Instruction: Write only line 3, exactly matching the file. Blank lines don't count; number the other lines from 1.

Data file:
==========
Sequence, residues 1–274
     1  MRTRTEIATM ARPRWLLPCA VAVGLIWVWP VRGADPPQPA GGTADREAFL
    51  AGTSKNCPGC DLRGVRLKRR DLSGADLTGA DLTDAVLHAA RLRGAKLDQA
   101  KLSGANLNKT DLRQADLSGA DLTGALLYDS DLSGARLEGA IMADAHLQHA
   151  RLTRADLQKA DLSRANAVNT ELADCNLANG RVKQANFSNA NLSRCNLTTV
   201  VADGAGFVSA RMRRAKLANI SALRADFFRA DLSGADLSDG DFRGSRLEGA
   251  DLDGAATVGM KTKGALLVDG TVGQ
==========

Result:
    51  AGTSKNCPGC DLRGVRLKRR DLSGADLTGA DLTDAVLHAA RLRGAKLDQA